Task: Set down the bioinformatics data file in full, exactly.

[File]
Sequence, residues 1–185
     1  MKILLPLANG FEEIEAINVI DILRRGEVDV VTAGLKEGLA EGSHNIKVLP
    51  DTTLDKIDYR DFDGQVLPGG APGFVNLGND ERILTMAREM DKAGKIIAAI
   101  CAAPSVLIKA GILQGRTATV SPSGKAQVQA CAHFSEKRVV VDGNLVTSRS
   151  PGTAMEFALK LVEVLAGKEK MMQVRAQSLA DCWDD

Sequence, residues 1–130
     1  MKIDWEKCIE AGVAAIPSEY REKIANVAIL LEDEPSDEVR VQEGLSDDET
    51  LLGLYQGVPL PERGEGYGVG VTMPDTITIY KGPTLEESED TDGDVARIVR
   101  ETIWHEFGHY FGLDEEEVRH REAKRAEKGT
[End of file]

Sequence, residues 1–185
     1  MKILLPLANG FEEIEAINVI DILRRGEVDV VTAGLKEGLA EGSHNIKVLP
    51  DTTLDKIDYR DFDGQVLPGG APGFVNLGND ERILTMAREM DKAGKIIAAI
   101  CAAPSVLIKA GILQGRTATV SPSGKAQVQA CAHFSEKRVV VDGNLVTSRS
   151  PGTAMEFALK LVEVLAGKEK MMQVRAQSLA DCWDD

Sequence, residues 1–130
     1  MKIDWEKCIE AGVAAIPSEY REKIANVAIL LEDEPSDEVR VQEGLSDDET
    51  LLGLYQGVPL PERGEGYGVG VTMPDTITIY KGPTLEESED TDGDVARIVR
   101  ETIWHEFGHY FGLDEEEVRH REAKRAEKGT